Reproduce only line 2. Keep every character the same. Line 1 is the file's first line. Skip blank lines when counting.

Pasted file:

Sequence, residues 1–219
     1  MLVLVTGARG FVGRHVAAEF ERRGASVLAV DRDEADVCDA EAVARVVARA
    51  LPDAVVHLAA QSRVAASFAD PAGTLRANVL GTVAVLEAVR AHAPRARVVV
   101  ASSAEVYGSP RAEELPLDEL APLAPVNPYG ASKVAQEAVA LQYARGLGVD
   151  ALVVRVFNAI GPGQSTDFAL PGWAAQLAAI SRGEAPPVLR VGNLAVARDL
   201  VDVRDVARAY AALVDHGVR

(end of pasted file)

     1  MLVLVTGARG FVGRHVAAEF ERRGASVLAV DRDEADVCDA EAVARVVARA